Ongoing Issues crop up in Nets' loss to Mavericks
Given the NBA's occasional resemblance to a health care system -- injury lists, the preventive medicine of limited playing time, psychological considerations for sometimes insecure players -- Nets interim coach P.J. Carlesimo's first order of business lately has been something along the lines of the doctor's Hippocratic oath.
Do no harm.
In Friday night's 98-90 loss to the Dallas Mavericks at Barclays Center, it could be argued that the greater Nets pain was inflicted by the Dallas trio of All-Star Dirk Nowitzki (20), former Net Vince Carter (20) and free-agent signee O.J. Mayo (17), who totaled 57 points.
Plus, Carlesimo identified an anemia against Dallas that was troubling. "We were playing like we were running in sand," he said. "Our defensive energy was lacking all night, and we let them get from 10 [ahead] to 20 in a short time. You get down 20, you've dug way too big a hole."
Even before the game got out of hand late in the third period, when Dallas embarked on a 17-2 surge to suddenly form a 20-point cushion at 83-63, there were manifestations of the Nets' recently delicate well-being in evidence.
They rallied to within four at 94-90 in the final minute, but the chase from behind had worn them out.
"We put ourselves in a bad position," center Brook Lopez said. "There was no energy on the floor, no energy on the bench."
And these familiar issues remained for a team that is 34-25:
Attention to shooting guard Joe Johnson's bad left heel. After missing the previous three games, leaving his 17.0-point scoring average sitting in the wings, Johnson's return to the lineup was "significant," Carlesimo said. But worried about monitoring Johnson's minutes to avoid inflaming the heel injury and because the Nets play again Saturday night in Chicago, Carlesimo gave Johnson a total of 30 minutes, during which he produced 11 points and six assists.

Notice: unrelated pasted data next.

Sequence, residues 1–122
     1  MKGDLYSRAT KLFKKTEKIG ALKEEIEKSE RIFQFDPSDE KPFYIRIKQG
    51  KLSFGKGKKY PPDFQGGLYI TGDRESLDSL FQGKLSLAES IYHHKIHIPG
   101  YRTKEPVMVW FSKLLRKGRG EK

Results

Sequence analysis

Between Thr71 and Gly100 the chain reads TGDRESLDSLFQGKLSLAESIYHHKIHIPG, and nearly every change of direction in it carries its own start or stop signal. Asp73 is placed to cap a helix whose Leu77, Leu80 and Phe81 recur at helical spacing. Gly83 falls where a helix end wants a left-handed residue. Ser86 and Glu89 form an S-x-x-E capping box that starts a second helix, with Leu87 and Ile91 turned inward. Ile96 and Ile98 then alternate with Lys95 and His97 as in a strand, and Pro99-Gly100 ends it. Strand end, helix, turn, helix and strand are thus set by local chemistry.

Point guard Deron Williams' chronically painful ankles. Cortisone shots and the mysterious platelet-rich plasma treatment have helped after Williams said he had been feeling his ankles wear down throughout games until he "just had no lift" in the fourth periods. Friday night, he again started strongly with 10 first-period points but faded for a while before he contributed two slashing layups late in the fourth during the Nets' vain attempt to catch up.
He finished with a game-high 24 points but also committed a game-high seven turnovers.
Mental comfort of Johnson and Williams, both accustomed to having the ball in their hands a lot, as they work through their first season as teammates.
Possible hurt feelings. Carlesimo's admission that his rotation of players off the bench, and how that impacts minutes afforded some starters, has "been unsettled all year,'' he said. "Frankly, our players have been very good, considering . . . We have really struggled to settle on not just the order of the rotation but when the rotation occurs."
In particular, there was Carlesimo's recent decision to sit Lopez, his leading scorer, throughout the fourth quarter in three of four games. Carlesimo since reversed his field with public apologies and Friday night kept Lopez on the floor for 33 minutes, including most of the fourth quarter.
Lopez offered 19 points, nine rebounds and plenty of effort, once flinging his 7-foot, 265-pound body after a loose ball in the stands, almost crashing into an infant barely the size of Lopez's size-20 shoe.
Feelings of rejection. If Williams' decision to sequester himself in Brooklyn was in any way painful to his native Dallas on the free-agent market last summer, one certainly "couldn't overstate," Carlesimo said, the importance of the Nets keeping him with a five-year, $98-million deal.
But Carlesimo added that he "couldn't overstate how unimportant that backdrop" was to Friday night's game.